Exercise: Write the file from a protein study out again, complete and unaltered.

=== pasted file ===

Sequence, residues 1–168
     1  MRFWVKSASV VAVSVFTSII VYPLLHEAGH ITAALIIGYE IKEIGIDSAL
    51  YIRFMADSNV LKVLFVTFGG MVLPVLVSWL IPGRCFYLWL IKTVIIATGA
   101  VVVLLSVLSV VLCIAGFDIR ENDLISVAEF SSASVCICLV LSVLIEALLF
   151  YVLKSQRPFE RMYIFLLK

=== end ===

Sequence, residues 1–168
     1  MRFWVKSASV VAVSVFTSII VYPLLHEAGH ITAALIIGYE IKEIGIDSAL
    51  YIRFMADSNV LKVLFVTFGG MVLPVLVSWL IPGRCFYLWL IKTVIIATGA
   101  VVVLLSVLSV VLCIAGFDIR ENDLISVAEF SSASVCICLV LSVLIEALLF
   151  YVLKSQRPFE RMYIFLLK